This Dissertation tried to provide insights into the influences of individual and contextual factors on Technical and Vocational Education and Training (TVET) teachers’ learning and professional development in Ethiopia. Specifically, this research focused on identifying and determining the influences of teachers’ self perception as learners and professionals, and investigates the impact of the context, process and content of their learning and experiences on their professional development. The knowledge of these factors and their impacts help in improving the learning and professional development of the TVET teachers and their professionalization. This research tried to provide answers for the following five research questions. (1) How do TVET teachers perceive themselves as active learners and as professionals? And what are the implications of their perceptions on their learning and development? (2) How do TVET teachers engage themselves in learning and professional development activities? (3) What contextual factors facilitated or hindered the TVET Teachers’ learning and professional development? (4) Which competencies are found critical for the TVET teachers’ learning and professional development? (5) What actions need to be considered to enhance and sustain TVET teachers learning and professional development in their context? It is believed that the research results are significant not only to the TVET teachers, but also to schools leaders, TVET Teacher Training Institutions, education experts and policy makers, researchers and others stakeholders in the TVET sector. The theoretical perspectives adopted in this research are based on the systemic constructivist approach to professional development. An integrated approach to professional development requires that the teachers’ learning and development activities to be taken as an adult education based on the principles of constructivism. Professional development is considered as context - specific and long-term process in which teachers are trusted, respected and empowered as professionals. Teachers’ development activities are sought as more of collaborative activities portraying the social nature of learning. Schools that facilitate the learning and development of teachers exhibit characteristics of a learning organisation culture where, professional collaboration, collegiality and shared leadership are practiced. This research has drawn also relevant point of views from studies and reports on vocational education and TVET teacher education programs and practices at international, continental and national levels. The research objectives and the types of research questions in this study implied the use of a qualitative inductive research approach as a research strategy. Primary data were collected from TVET teachers in four schools using a one-on-one qualitative in-depth interview method. These data were analyzed using a Qualitative Content Analysis method based on the inductive category development procedure. ATLAS.ti software was used for supporting the coding and categorization process. The research findings showed that most of the TVET teachers neither perceive themselves as professionals nor as active learners. These perceptions are found to be one of the major barriers to their learning and development. Professional collaborations in the schools are minimal and teaching is sought as an isolated individual activity; a secluded task for the teacher. Self-directed learning initiatives and individual learning projects are not strongly evident. The predominantly teacher-centered approach used in TVET teacher education and professional development programs put emphasis mainly to the development of technical competences and has limited the development of a range of competences essential to teachers’ professional development. Moreover, factors such as the TVET school culture, the society’s perception of the teaching profession, economic conditions, and weak links with industries and business sectors are among the major contextual factors that hindered the TVET teachers’ learning and professional development. A number of recommendations are forwarded to improve the professional development of the TVET teachers. These include change in the TVET schools culture, a paradigm shift in TVET teacher education approach and practice, and development of educational policies that support the professionalization of TVET teachers. Areas for further theoretical research and empirical enquiry are also suggested to support the learning and professional development of the TVET teachers in Ethiopia.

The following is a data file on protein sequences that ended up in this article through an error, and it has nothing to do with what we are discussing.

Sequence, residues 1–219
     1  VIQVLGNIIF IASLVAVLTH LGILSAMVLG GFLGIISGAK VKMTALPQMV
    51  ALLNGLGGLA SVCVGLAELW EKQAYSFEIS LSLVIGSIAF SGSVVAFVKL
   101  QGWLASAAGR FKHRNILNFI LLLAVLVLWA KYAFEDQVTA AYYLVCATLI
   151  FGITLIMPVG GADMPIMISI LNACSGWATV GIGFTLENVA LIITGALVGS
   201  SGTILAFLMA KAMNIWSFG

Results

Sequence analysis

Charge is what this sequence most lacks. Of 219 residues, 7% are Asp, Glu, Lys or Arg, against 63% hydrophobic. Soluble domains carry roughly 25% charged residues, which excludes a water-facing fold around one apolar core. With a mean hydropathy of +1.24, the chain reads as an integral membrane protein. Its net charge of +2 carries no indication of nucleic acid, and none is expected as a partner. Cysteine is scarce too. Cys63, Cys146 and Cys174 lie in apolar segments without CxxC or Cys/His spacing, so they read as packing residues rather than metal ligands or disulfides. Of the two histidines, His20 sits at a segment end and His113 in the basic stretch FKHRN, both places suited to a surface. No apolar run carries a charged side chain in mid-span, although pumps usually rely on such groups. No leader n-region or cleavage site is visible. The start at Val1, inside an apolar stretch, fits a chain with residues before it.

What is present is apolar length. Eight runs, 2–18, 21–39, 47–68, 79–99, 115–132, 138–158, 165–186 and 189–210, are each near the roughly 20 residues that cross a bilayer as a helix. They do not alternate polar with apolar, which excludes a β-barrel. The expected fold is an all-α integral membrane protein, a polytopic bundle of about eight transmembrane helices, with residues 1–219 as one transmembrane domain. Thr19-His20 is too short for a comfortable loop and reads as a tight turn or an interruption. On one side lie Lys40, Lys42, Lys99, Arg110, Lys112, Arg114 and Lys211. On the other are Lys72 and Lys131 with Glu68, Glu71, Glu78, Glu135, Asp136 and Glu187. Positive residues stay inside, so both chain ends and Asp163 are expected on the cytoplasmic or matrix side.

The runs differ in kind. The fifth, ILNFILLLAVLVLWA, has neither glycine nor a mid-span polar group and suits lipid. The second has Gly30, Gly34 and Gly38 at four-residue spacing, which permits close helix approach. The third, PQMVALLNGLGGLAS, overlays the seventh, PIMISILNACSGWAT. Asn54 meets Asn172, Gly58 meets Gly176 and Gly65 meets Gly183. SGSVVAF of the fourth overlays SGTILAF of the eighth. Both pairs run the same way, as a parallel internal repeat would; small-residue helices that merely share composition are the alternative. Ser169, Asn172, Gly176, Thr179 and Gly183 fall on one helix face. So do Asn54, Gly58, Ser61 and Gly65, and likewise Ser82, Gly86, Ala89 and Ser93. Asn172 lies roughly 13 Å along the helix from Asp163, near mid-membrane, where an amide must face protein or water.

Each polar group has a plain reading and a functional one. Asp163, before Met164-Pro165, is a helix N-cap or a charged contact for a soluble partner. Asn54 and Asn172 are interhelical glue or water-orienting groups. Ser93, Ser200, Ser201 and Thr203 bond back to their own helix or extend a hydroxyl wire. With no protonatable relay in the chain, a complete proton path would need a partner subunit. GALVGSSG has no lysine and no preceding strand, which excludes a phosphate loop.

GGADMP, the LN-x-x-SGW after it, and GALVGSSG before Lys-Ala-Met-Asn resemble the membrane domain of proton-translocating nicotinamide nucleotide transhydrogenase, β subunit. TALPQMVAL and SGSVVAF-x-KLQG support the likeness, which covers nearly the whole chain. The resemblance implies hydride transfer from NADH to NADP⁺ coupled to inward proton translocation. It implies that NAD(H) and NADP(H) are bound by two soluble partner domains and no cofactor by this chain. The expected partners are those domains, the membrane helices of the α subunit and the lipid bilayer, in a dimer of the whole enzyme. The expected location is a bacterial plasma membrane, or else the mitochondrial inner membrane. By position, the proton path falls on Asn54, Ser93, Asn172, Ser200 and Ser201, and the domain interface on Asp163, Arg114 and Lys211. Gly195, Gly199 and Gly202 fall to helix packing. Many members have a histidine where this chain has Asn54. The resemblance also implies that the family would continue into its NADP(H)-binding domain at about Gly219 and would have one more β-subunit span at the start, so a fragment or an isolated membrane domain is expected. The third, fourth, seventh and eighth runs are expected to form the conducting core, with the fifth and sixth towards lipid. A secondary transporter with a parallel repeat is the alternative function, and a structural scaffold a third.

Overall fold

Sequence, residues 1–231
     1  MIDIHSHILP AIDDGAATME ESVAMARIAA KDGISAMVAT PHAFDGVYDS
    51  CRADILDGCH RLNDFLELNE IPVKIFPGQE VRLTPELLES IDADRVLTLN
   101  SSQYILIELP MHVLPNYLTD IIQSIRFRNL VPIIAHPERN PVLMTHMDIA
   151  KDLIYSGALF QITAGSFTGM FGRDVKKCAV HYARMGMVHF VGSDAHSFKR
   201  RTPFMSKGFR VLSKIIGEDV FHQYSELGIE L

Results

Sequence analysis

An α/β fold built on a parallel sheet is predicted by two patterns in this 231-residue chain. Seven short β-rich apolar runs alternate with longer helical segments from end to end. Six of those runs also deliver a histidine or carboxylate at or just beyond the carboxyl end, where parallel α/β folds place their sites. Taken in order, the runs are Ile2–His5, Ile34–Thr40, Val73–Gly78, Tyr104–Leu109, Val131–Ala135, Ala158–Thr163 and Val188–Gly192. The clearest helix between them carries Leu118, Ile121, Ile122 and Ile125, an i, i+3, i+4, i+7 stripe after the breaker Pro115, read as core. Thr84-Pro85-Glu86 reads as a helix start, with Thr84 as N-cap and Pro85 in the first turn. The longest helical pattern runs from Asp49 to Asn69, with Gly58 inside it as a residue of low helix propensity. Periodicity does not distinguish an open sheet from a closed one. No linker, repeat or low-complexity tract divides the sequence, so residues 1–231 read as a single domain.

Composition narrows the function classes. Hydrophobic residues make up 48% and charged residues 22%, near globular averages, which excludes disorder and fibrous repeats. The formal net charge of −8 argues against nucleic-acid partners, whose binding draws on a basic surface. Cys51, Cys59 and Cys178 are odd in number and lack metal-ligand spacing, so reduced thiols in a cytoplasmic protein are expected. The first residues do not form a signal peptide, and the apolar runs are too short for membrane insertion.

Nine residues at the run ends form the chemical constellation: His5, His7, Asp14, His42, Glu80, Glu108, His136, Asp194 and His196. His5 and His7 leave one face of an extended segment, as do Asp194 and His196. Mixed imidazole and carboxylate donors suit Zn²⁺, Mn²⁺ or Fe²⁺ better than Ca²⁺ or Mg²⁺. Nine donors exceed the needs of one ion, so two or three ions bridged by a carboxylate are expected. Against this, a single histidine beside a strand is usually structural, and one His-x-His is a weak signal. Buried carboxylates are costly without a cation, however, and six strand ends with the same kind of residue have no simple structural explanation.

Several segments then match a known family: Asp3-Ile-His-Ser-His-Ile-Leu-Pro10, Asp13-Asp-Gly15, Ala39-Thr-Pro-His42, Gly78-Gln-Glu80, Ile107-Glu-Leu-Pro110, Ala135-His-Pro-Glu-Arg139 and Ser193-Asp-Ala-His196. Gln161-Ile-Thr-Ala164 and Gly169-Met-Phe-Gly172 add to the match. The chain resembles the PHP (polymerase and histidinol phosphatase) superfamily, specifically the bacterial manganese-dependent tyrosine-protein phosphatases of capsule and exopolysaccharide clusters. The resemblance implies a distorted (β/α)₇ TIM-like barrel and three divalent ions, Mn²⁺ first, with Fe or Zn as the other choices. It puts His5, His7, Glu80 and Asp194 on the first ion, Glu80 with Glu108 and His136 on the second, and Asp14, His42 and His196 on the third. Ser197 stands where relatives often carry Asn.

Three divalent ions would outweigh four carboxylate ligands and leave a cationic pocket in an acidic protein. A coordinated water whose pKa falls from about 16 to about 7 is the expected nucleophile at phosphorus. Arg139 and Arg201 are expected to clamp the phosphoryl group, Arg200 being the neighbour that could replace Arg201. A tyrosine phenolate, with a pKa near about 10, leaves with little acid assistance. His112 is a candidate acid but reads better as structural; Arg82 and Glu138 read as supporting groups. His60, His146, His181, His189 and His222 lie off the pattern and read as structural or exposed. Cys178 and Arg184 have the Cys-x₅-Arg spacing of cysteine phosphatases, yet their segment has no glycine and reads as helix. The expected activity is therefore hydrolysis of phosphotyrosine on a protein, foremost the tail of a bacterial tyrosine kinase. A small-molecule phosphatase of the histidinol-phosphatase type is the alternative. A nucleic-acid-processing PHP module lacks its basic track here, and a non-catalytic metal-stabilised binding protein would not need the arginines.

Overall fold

Subject of this book is an epistemological consideration - a consideration which could be characterised as a main theme - maybe the main theme - of that part of philosophy we all know as epistemology: the nature of knowledge. But other than the most essays on the subject of knowledge, here I am going to deal with a largely overlooked account to try to find an answer to the epistemological question of knowledge. This is the mental state account of knowledge (Price in his 'Belief' the formulation ``mental acts'' and Williamson talks about a ``state of mind''). Or to put it into the question I chose as title: is knowledge a mental state? We have to concede first that there is only a small group of philosophers who used to explain knowledge in terms of a mental state, particularly the `Oxford Realists'. And secondly, the acceptance of the MS thesis is low and negative. There is an interesting detail here: unlike the poor interest in an epistemic theory such as the MS thesis, philosophers like Prichard or Austin (and their philosophical thinking) are not really living in the shadows of philosophical consideration. Indeed their philosophical impact is high level, if we consider for instance Prichard's moral writings or Austin's theory of speech acts. I think we can conclude from this fact that the reason of the `negative' ignorance in respect of their epistemological point of view was not caused by a negative quality of their philosophy. Now, the question we are faced with (and that should be answered here) is: what is wrong with the MS thesis even though it is held by high class philosophers? Why is the epistemic thinking of Cook Wilson, Prichard and Austin afflicted with such ignorance? I will try to explain this later on with the notion of an unreflected Platonian heritage during 2000 years of epistemic thinking - a notion which is similar to a point Hetherington has called ``epistemic absolutism''. So, there are three main purposes which I am pursuing in this consideration: 1.To explain the reasons why there is such an ignorance towards an assertion of the MS thesis. I am going to pursue this through an analysis of knowledge which will demonstrate the inappropriateness of the JTB thesis as an adequate analysis of knowledge. 2.To describe that it is a mistake to ignore or at least underestimate the MS thesis in the discussion of an appropriate definition of knowledge and to maintain that the MS thesis is the key to a general theory of knowledge. 3.Conclusion: If the first two steps are correct, the JTB thesis is insufficient in order to give an account of the nature of knowledge in general. A consequence from this is: all the epistemic theories which are dealing with the JTB thesis are based on deficient assumptions. Hence their results - notably the well-known externalism/internalism debate - are insufficient, too. So, there is a need for a new theory of knowledge based on the MS thesis. In the course of my consideration I am going to justify the following three theses: i) The JTB thesis as a definition of knowledge in general is deficient, as the JTB thesis describes the propositional aspect of knowledge only. But the propositional knowledge - the so-called `knowledge that' - is merely one element among others that has to be recognized in search of a theory of knowledge. ii) The status of the `knowledge that' is derivative and not ultimate. It is derived from the non- propositional knowledge in order to make the non-propositional knowledge communicable to others. The mode of the `knowledge that' is indirect and thus can be stated in the third person point of view only. This ultimate kind of knowledge - the knowledge which the `knowledge that' is derived from - is the non-propositional knowledge. Its mode is direct and hence it is restricted to the first person point of view. Therefore the basis towards a theory of knowledge in general has to be this non-propositional aspect of knowledge. iii) Hence, taking the first two theses for granted, an appropriate theory of knowledge needs an account of the non-propositional knowledge. The MS thesis will accomplish this task.